Let the spirits move you

A number of years ago, the History Channel’s smash series Haunted History deemed Fort Mifflin "one of the most haunted places in Philadelphia."

"If the History Channel says you’re haunted, you’re haunted," laughs fort director Fran McFadden.

As if the 225-year-old fortress needed the TV channel’s validation!

Throughout its long and turbulent past, reports of paranormal activity have run rampant at the fort.

Most of the buzz has come from those with a firsthand knowledge of the place — the fort’s own employees.

Just ask office manager Lorraine Irby and her caretaker husband, Wayne. Both willingly attest that more than a few things go bump in the night — and the day, too, for that matter.

The building that is now the main office used to be the hospital. On more than one occasion in the decade Irby has worked for the fort — near the airport in Southwest Philly — she’s heard furniture moving on the second floor. Nobody is up there, and the doors are always locked for security reasons, Irby notes.

There’s an even more unnerving tale concerning the second floor that originated with a former Fort Mifflin director. The drawers of the director’s desk and credenza would fly open on their own while she was sitting there.

Irby chalks up the unexplained occurrences in the office building to resident ghost Edward — a docile spirit who likes to pull pranks on people. "He’s kind of like a poltergeist. He used to be the caretaker of the hospital," the office manager says.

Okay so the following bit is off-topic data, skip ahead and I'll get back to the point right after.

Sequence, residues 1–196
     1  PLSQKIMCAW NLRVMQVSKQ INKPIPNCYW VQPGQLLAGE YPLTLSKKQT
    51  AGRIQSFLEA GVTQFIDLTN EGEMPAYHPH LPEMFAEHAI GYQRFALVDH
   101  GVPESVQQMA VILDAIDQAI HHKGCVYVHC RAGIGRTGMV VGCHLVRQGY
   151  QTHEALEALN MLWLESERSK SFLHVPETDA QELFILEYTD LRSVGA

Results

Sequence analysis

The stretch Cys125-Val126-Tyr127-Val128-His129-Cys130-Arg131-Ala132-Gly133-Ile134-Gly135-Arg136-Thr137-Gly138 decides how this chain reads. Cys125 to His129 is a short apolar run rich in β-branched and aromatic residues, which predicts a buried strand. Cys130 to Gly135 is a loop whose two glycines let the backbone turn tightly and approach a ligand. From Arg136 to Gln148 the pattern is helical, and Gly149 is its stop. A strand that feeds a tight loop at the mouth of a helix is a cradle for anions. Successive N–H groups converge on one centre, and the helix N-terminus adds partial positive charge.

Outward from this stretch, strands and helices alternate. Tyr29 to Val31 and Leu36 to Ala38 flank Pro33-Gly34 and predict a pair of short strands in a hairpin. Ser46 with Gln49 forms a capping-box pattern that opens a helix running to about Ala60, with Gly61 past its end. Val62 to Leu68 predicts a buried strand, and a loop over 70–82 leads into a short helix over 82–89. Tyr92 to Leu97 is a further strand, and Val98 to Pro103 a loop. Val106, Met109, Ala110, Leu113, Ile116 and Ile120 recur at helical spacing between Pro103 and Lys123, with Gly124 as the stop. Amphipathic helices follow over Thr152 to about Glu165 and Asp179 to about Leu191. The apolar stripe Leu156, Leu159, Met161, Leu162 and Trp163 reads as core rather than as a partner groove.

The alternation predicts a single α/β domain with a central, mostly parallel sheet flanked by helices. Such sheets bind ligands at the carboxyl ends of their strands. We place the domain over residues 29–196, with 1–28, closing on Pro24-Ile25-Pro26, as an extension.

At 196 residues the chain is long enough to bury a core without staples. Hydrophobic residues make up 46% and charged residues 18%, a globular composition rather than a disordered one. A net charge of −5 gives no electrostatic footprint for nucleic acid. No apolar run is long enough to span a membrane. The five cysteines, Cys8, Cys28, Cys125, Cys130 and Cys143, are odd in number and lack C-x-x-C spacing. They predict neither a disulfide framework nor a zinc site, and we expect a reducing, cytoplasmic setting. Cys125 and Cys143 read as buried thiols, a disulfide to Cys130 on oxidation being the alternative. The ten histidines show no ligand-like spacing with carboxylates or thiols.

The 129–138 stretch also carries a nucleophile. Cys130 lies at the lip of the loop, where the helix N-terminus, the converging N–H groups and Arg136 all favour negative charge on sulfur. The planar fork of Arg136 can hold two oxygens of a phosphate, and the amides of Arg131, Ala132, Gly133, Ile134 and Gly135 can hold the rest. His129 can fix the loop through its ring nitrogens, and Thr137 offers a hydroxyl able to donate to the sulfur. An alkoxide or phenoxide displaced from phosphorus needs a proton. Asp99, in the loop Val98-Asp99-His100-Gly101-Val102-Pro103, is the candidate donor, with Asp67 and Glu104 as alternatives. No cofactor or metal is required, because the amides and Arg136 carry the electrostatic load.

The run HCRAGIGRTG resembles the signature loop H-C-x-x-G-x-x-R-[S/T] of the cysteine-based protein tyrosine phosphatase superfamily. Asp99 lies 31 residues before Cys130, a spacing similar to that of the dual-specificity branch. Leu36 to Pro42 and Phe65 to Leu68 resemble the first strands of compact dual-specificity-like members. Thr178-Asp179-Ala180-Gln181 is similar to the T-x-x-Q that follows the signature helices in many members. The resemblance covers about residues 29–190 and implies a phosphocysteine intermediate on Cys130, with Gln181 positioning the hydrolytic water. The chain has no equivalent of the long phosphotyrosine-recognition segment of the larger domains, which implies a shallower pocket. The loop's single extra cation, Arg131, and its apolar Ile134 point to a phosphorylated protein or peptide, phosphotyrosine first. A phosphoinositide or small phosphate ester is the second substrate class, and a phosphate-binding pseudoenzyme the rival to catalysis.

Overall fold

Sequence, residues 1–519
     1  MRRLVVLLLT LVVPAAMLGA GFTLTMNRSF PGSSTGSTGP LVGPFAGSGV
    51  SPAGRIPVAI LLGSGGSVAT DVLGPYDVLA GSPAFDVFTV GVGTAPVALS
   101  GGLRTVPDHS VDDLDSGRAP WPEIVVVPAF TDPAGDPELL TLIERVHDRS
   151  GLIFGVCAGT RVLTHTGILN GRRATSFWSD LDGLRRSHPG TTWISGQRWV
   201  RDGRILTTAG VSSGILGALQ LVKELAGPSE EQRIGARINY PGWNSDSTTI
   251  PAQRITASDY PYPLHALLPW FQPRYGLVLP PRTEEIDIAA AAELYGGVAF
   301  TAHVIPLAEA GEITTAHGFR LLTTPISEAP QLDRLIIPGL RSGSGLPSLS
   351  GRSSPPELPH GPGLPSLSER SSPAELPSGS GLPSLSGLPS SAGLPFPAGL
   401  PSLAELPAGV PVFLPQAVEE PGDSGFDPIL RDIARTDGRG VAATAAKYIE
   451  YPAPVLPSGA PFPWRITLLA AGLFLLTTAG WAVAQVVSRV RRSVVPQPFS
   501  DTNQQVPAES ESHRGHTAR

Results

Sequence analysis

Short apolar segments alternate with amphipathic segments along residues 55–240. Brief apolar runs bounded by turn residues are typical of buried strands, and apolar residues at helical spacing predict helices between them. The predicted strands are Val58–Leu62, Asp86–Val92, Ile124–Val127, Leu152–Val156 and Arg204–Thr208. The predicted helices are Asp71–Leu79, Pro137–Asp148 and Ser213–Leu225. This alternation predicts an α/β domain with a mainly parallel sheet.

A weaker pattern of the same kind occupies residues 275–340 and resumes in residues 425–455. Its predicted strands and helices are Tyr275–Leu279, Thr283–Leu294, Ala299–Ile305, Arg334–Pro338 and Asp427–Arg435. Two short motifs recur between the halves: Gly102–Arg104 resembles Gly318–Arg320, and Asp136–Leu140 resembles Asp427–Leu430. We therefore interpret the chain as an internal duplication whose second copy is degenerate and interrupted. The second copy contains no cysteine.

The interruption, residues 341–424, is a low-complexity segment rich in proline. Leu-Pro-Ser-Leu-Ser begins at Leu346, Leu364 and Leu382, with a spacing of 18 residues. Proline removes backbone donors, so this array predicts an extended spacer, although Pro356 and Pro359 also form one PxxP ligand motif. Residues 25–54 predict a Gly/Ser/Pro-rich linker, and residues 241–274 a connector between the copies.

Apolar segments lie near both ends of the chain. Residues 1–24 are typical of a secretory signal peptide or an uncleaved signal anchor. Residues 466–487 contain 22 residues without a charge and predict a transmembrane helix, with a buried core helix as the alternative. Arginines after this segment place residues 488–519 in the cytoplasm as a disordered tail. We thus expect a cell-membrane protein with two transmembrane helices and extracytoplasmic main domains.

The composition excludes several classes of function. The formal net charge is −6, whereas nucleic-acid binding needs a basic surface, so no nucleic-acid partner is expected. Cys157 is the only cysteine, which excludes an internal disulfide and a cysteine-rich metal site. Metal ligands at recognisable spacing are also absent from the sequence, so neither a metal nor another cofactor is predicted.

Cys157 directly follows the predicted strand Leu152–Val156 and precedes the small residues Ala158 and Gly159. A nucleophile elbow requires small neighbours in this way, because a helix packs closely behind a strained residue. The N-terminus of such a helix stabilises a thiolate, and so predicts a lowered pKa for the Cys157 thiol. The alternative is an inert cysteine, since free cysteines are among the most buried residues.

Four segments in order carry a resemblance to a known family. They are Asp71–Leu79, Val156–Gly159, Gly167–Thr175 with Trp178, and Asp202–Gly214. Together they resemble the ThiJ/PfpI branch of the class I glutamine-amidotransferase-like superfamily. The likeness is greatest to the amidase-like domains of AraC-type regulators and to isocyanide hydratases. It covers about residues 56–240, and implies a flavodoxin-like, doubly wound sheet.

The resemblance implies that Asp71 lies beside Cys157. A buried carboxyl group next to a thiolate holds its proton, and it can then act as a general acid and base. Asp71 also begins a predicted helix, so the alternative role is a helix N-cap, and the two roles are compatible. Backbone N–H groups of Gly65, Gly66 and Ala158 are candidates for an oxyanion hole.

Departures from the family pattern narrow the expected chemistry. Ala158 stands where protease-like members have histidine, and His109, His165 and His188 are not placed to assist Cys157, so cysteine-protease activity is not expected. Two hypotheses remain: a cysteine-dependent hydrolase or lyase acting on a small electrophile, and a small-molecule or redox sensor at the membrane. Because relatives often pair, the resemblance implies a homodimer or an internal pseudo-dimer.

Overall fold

The encounters with the unexplained have not scared Irby or her husband away from their beloved workplace. "I believe there are ghosts here, but they don’t frighten me," says Irby, who spends much time alone in the fortress.

There is, however, one spot in the fort where Irby will not go. One day, she ventured into the powder magazine (a large exterior mound of earth leading to a room where gunpowder used to be stored) and got what she describes as a "cold chill" that stood the hairs of her neck on end.

"That’s not like me at all. I had to get out of there," she says. "I just feel like something very evil happened in there. I won’t go in there again."

Fort Mifflin is creepy enough on any given day, but during the Halloween season, the place takes on a whole new chilling dimension. After a year’s hiatus, the fort’s Fright Fest is back with a vengeance. Weekly ghost-hunting tours in November are also expected to scare up the past. Lew Gerew, president and cofounder of the Philadelphia Ghost Hunters’ Alliance, will conduct the tours.

"It’s ridiculous of us not to take advantage of the haunted history — tie in history with the ghosts. It’s a really nice marriage," says fort director McFadden.

Fright Fest is an hour-long tour of the haunted Revolutionary War fort. Guests traverse five historic buildings, led by a tour guide who spins spine-tingling documented ghost stories in the blacksmith shop, dungeon casemates and dark chamber of the powder magazine.

"Instead of having people jump out and say, ‘Boo!’ we kind of go by our history," Irby says. "We incorporate our history and our own resident ghosts and talk to people about them in first person. People want to hear about the ghosts that we have and that’s what we give them."